With a five-year survival rate of 27 percent, acute myeloid leukemia (AML), which starts in bone marrow and quickly moves into blood, is one of the most challenging cancers to treat in adults. There are several subtypes of AML and each responds differently to different therapies. That’s why a precision medicine approach, which customizes different treatments based on the uniqueness of one’s DNA, is more important than ever.
Recently, the FDA approved the first-ever drug to target a genetic mutation linked to AML. But now the hard work of showing the drug’s effectiveness in a large and broad population of patients has begun. With expertise in pharmaceutical and outcomes research, few people are better positioned to lead this charge than Masonic Scholar David Stenehjem, Pharm.D.
A specific drug for a specific gene
The novel drug that Stenehjem is studying, called midostaurin, targets an especially problematic subtype of AML called FLT3-mutated AML. One out of every three AML patients carry the FLT3 mutation, and those who have it relapse faster and die sooner than patients with other forms of AML.
Until recently, no drug has existed that targets mutations linked to AML, let alone FLT3.
Stenehjem believes that FLT3 inhibitors, like midostaurin, could make all the difference.
“FLT3 is a tyrosine kinase, which gives leukemia cells a signal to continue to grow, divide, and proliferate in an unrestrained manner,” explains Stenehjem. “Midostaurin works by inhibiting this tyrosine kinase and, ultimately, helps shut down the unrestrained proliferation of AML cells.”
Beyond clinical trials: drugs in the real world
But to be sure that midostaurin truly works, researchers must now show that it helps large populations of patients, and not just those selected for clinical trials.
“We know from the confines of clinical trials that midostaurin works well in a highly select group of patients who follow a pre-specified protocol,” Stenehjem says. “We are now working to determine the effectiveness of this drug in real-world populations.”
To achieve this goal, Stenehjem and his team have partnered with a major drug company to look at outcomes for large groups of patients with FLT3 mutations who take midostaurin versus those who do not.
First, they completed a baseline study of approximately 200 AML patients who had received standard AML therapies. Then Stenehjem’s team compared these patients to those who had taken midostaurin for FLT3-mutated AML. They found that patients treated with midostaurin achieved improved outcomes compared to patients who received standard therapies; however, more patients and time are needed before a definitive answer can be reached.
“The results demonstrate real-world evidence, in a limited data set, the benefit of adding midostaurin to traditional chemotherapy treatment for AML,” Stenehjem says. “Future research is warranted to assess long-term outcomes.”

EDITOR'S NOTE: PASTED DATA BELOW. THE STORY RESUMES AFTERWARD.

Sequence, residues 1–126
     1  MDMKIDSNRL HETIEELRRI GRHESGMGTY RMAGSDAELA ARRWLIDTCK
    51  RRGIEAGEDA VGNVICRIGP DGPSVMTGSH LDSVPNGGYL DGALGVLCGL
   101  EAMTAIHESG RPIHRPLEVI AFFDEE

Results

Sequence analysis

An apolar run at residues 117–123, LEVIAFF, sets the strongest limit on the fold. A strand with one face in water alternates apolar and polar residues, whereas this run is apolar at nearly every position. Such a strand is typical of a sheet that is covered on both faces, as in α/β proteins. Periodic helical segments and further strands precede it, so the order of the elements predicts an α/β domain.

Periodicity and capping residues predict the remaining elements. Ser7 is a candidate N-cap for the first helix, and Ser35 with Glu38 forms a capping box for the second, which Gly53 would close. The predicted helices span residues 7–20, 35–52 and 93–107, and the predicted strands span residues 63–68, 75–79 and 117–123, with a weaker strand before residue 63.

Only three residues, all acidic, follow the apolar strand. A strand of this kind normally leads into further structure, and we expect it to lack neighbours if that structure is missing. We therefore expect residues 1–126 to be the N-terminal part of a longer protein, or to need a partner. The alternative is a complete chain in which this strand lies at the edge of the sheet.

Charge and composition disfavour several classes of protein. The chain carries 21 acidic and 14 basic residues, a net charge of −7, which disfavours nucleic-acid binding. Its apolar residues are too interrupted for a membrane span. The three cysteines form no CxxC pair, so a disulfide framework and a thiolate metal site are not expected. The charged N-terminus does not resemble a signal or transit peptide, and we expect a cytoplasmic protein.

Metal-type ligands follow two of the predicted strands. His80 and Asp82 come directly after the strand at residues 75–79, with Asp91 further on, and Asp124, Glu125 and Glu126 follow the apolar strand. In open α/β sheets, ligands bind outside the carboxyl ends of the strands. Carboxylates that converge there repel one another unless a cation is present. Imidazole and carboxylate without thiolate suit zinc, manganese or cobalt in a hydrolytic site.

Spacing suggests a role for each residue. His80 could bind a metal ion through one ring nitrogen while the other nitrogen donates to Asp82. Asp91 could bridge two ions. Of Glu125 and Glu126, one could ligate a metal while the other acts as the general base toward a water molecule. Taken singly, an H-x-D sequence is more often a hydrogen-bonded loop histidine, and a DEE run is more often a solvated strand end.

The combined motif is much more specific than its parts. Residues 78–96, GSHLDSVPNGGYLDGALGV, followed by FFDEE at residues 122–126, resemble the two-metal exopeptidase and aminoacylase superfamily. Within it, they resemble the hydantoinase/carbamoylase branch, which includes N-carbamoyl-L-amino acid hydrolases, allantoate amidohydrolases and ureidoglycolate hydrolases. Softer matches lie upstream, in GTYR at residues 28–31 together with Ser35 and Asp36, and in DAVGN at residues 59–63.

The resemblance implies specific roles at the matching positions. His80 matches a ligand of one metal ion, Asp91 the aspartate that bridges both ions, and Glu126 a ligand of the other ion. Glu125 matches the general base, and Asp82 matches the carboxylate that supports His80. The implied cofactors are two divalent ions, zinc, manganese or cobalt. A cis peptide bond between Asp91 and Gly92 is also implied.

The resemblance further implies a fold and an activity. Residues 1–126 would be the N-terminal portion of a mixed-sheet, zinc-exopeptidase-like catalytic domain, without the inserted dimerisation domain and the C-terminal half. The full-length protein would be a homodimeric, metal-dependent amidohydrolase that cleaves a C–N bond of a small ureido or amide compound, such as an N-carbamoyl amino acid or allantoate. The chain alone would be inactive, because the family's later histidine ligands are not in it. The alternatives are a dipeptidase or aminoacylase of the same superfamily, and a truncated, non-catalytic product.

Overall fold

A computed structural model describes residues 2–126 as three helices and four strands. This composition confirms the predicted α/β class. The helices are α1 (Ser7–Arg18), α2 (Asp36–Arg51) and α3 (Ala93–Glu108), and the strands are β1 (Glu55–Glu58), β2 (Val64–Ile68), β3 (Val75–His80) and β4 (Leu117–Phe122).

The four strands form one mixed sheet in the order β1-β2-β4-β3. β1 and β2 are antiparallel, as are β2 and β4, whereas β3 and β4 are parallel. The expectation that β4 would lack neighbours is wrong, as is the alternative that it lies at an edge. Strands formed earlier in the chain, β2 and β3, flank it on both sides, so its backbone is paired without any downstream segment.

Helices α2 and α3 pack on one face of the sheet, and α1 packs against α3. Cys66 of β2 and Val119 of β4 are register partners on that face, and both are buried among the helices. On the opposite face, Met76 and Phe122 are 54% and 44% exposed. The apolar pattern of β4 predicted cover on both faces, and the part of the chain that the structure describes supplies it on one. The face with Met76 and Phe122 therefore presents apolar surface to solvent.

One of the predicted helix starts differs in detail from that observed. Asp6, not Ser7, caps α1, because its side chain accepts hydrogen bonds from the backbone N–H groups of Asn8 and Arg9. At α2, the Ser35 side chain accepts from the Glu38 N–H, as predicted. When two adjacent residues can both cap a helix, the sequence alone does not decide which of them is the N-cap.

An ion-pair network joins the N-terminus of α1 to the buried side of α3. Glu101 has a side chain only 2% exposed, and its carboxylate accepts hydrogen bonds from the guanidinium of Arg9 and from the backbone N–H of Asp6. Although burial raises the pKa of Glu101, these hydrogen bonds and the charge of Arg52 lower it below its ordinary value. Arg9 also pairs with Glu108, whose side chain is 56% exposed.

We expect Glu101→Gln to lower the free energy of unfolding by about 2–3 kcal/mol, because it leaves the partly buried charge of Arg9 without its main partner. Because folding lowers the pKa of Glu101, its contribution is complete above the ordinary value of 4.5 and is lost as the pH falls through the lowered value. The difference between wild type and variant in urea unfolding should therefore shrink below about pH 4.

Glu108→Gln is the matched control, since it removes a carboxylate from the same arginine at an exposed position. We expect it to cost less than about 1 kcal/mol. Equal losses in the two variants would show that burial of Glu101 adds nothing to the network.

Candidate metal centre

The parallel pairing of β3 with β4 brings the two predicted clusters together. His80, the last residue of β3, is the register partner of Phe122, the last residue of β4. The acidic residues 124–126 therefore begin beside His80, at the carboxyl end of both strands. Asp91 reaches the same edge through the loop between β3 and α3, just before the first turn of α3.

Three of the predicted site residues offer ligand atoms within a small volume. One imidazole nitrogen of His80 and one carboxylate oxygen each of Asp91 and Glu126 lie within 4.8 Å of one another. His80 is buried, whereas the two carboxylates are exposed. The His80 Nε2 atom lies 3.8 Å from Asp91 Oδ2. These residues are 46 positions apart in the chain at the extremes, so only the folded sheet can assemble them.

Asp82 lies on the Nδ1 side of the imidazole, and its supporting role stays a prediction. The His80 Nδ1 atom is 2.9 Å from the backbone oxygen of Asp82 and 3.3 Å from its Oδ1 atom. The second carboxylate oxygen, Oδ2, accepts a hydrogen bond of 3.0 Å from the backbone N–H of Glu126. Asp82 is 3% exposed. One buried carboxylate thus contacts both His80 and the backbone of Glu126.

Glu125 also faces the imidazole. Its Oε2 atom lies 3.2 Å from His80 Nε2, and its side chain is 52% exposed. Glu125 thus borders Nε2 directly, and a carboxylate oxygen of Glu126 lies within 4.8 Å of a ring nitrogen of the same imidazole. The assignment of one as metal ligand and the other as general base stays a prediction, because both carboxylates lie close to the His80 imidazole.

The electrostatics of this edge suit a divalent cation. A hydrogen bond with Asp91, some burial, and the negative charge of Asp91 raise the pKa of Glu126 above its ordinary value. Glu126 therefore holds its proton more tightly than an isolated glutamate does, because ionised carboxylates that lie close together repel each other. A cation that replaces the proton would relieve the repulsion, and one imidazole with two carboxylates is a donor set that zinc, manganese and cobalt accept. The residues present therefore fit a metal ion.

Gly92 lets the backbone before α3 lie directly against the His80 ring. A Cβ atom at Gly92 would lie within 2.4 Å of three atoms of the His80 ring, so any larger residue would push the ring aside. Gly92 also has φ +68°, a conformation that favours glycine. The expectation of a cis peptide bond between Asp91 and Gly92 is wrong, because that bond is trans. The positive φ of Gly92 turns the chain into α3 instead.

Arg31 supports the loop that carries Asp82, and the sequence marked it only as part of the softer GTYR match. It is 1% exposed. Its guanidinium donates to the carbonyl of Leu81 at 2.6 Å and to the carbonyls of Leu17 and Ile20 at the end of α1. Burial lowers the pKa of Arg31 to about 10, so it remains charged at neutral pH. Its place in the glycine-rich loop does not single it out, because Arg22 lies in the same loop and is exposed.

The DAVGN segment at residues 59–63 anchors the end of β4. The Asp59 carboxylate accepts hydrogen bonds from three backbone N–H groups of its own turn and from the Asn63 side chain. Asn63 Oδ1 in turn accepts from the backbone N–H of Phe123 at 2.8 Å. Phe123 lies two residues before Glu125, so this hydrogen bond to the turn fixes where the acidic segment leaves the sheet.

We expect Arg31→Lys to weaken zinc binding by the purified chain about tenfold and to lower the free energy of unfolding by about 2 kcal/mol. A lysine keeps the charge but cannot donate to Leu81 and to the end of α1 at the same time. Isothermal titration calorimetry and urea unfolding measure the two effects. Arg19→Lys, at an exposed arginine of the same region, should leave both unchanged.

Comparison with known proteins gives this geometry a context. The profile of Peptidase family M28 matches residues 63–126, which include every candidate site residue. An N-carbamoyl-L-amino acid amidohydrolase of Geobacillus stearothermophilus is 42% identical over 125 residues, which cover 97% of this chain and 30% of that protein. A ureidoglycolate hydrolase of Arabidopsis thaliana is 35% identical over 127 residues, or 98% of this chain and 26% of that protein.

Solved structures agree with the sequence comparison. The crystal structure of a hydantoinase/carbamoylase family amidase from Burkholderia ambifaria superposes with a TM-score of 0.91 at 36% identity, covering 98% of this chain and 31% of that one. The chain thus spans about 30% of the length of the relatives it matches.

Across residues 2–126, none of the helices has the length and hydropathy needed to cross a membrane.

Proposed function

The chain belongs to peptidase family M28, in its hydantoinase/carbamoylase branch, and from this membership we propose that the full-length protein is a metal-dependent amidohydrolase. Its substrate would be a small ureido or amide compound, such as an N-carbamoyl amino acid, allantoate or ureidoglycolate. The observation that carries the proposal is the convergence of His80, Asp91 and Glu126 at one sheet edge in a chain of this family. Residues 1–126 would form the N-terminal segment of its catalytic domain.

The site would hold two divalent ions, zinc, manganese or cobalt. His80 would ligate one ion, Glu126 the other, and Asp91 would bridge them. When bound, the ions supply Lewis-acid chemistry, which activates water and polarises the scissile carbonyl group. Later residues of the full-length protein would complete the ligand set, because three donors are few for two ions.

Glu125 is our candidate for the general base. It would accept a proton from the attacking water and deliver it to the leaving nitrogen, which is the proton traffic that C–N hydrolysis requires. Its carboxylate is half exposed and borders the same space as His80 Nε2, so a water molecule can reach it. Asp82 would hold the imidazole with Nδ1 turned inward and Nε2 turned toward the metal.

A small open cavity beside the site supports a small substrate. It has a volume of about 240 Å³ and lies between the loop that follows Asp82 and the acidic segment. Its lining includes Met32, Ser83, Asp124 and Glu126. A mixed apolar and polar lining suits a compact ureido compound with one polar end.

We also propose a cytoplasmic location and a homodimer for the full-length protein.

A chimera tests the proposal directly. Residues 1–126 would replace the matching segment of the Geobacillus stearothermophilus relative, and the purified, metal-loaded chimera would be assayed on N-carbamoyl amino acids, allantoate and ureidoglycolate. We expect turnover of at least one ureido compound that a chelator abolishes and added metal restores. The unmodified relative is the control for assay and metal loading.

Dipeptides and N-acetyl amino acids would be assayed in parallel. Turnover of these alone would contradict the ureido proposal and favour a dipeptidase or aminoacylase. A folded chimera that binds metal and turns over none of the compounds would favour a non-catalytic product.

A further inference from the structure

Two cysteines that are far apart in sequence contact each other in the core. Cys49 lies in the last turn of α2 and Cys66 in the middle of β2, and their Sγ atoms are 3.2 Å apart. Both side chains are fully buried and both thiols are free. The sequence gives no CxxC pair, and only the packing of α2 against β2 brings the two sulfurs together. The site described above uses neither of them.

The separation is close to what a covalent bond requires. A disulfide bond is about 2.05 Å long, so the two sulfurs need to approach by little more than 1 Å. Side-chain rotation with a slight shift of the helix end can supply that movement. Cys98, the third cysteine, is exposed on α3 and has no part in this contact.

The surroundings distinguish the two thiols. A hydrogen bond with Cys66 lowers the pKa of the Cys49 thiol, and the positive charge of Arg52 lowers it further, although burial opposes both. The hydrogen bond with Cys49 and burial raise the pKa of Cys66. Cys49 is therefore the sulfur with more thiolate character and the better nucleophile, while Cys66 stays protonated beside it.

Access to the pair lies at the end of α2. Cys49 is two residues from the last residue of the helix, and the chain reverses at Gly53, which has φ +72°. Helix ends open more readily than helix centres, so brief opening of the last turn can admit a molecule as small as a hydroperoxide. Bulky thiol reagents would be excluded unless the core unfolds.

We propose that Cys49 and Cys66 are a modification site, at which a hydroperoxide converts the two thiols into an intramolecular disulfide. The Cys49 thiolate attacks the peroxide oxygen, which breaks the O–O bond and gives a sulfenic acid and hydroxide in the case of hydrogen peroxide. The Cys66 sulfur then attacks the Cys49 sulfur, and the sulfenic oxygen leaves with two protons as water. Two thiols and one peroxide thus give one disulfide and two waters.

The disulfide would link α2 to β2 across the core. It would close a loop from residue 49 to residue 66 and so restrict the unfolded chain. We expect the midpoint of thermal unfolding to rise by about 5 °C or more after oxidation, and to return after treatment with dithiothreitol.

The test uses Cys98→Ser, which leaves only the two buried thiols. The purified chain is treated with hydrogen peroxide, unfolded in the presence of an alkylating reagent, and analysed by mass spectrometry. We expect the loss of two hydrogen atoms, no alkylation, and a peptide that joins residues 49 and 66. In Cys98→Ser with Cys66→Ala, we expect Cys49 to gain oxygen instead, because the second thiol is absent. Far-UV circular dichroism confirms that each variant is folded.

After sharing their findings nationally and publishing their research, the next big step for Stenehjem and his team will be to secure significant grant funding for an expanded clinical study.
The power of big data
Stenehjem has worked on the scientific and clinical sides of pharmacy. He started his career conducting research in the lab of a pharmaceutical company and later launched a pharmacy practice of his own.
But as time went on, Stenehjem began to question the effectiveness of the drugs he prescribed and whether their benefits outweighed their costs and side effects.
“I was intrigued that many of our drugs were getting approved with very small margins of benefit,” he says. “This is especially true in oncology where we’ve seen approvals for drugs that provide as little as two weeks to two months of improvement in survival before the cancer returns. I wanted to examine whether these therapies are worth it.”
So Stenehjem’s path shifted into the rapidly growing field of outcomes research, which today is guiding his research on midostaurin in FLT3-mutated AML.
Outcomes research uses extensive patient data, typically from electronic medical records, that is pooled from different hospitals or institutions to determine the most effective and customized ways to detect, prevent, and treat different diseases.
“So much of this research is about quality data being collected by multiple institutions on a large scale,” explains Stenehjem. “Once we know the data points that are important to measure, it becomes essential to collect the data in a systematic and reproducible manner.”
Now, after plotting the key data points for studying AML therapies, Stenehjem’s team is working to roll them out to academic cancer centers nationwide that will uniformly capture outcomes for FLT3-mutated AML patients. This will increase the number of patients they are able to study from hundreds to thousands, lending validity and credibility to the study.
The impact of Masonic support
Over time, Masonic support has played a crucial role in propelling the early work of promising young scientists, enabling them to launch research that would not have otherwise been possible.
Stenehjem’s research is no exception. His group would not have been able to obtain pilot data on FLT3-mutated AML patients were it not for support from Minnesota Masonic Charities.
“Their giving enabled us to acquire preliminary data and to set up the infrastructure for these studies,” he says. “Without it, my time wouldn’t have been covered and we wouldn’t have been able to secure funding to complete the larger studies.”
“I want the Masons to how appreciative I am of their generosity. In the end, this work will lead to better outcomes for people with AML and an increased understanding of the effectiveness and value of a novel and promising therapy.”